Share this article

print logo
Another Voice

Long-term care facilities can't absorb more Medicaid cuts

By Stephen B. Hanse

New York State has a long-standing tradition of taking care of our neediest residents. It’s part of who we are. For tens of thousands of elderly, frail and physically challenged New Yorkers – our parents, relatives, neighbors and friends – that care is provided in hundreds of skilled nursing facilities around the state, facilities that cannot survive without Medicaid funding.

As elected officials and policymakers in New York work to address huge Medicaid funding shortfalls, they need to recognize that long-term care facilities are not what is driving Medicaid spending increases.  

In fact, the opposite is true: Over the past dozen years, long-term care providers have seen funding cuts of nearly $1.9 billion, including nearly $800 million in cuts over the past six fiscal years. Eleven years have passed since these care providers have received any cost of living increase, even as employee wages and health care expenditures, and food and utility costs have continued to rise. 

So it is no surprise that New York now leads the U.S. in the Medicaid shortfall, the difference between the amount Medicaid reimburses providers and the actual cost of providing care in skilled nursing facilities. We have been struggling financially for years – and we simply cannot absorb more cuts.

Most of our long-term care facilities are operating close to capacity, and our residents are coming to us with greater medical and other care needs than in the past. 

Some 70% of our spending is on wages and employee benefits. Like all good employers, we want to be able treat our workers fairly and pay them competitively. But Medicaid funding cuts have hindered our ability to increase compensation. That’s why we are losing both current and potential employees to other jobs where they can earn similar pay without the stress of providing direct care to high-needs populations.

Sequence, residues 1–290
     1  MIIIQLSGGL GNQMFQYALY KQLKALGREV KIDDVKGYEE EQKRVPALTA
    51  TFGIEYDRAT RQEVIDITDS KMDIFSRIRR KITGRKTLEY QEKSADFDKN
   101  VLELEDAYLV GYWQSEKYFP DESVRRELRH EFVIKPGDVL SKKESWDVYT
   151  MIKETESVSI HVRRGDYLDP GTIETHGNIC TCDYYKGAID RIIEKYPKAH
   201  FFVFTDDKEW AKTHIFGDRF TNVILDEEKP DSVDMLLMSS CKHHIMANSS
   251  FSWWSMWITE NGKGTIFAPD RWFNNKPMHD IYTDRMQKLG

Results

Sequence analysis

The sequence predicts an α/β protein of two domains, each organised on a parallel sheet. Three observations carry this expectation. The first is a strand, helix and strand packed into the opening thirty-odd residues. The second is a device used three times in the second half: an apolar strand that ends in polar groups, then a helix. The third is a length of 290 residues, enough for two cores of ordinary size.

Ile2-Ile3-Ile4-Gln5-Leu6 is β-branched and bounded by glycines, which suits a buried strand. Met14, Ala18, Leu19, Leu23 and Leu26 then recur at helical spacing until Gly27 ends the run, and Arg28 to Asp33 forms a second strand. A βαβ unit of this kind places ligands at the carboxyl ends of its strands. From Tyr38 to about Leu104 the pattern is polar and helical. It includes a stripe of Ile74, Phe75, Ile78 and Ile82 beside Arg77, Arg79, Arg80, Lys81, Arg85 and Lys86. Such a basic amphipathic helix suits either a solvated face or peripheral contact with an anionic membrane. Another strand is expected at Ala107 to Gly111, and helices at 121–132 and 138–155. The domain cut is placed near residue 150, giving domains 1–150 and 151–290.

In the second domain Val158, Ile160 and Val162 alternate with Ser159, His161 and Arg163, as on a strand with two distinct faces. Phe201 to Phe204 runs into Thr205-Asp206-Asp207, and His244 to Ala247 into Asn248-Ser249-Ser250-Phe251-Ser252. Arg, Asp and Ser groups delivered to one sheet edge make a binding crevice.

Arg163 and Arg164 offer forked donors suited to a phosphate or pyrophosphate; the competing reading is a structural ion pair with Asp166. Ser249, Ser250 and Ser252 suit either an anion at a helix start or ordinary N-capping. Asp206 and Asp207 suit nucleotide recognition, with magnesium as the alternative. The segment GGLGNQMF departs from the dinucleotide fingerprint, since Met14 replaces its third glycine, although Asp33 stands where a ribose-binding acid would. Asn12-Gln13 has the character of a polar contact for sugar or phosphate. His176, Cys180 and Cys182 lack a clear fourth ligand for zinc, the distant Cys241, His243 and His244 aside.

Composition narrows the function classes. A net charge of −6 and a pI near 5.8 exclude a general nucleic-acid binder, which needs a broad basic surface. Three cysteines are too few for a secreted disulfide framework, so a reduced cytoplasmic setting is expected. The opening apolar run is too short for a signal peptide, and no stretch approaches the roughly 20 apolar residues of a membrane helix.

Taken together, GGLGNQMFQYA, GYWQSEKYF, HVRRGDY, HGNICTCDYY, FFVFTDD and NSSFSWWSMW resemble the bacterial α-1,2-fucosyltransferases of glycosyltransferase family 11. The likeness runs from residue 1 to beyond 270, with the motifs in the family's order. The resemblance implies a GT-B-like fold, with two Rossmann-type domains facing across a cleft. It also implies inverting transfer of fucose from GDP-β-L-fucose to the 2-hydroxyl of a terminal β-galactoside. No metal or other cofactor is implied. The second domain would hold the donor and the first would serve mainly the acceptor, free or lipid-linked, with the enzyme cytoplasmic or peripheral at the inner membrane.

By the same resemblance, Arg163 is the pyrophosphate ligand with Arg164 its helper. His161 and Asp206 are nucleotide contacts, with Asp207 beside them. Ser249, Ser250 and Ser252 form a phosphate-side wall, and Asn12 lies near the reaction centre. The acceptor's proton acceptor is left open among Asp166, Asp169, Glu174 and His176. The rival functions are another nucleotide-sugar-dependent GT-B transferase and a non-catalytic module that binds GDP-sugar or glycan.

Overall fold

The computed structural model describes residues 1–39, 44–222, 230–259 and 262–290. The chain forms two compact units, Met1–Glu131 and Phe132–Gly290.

Some nursing homes and assisted living providers may have no choice but to close their doors. The loss of these institutions would be devastating not just for the New Yorkers who depend on them for care right now, but also for those who will need skilled nursing services in the future. As the population ages in New York and across the country, some of us will inevitably require long-term institutional care, but what if there are simply not enough remaining facilities and employees to provide it?

It has been said that to care for those who once cared for us is one of life’s greatest honors. Skilled nursing and assisted living facility employees across New York State play this honorable and indispensable role every day, enriching the lives of the elderly and frail residents we serve and providing peace of mind for their loved ones. 

Care and commitment are important, but they are not enough. Long-term care facilities need their fair share of Medicaid funding, and New York’s elected leaders must look elsewhere for budget cuts.

Stephen B. Hanse is president and CEO of the New York State Health Facilities Association and the New York State Center for Assisted Living.  

There are no comments - be the first to comment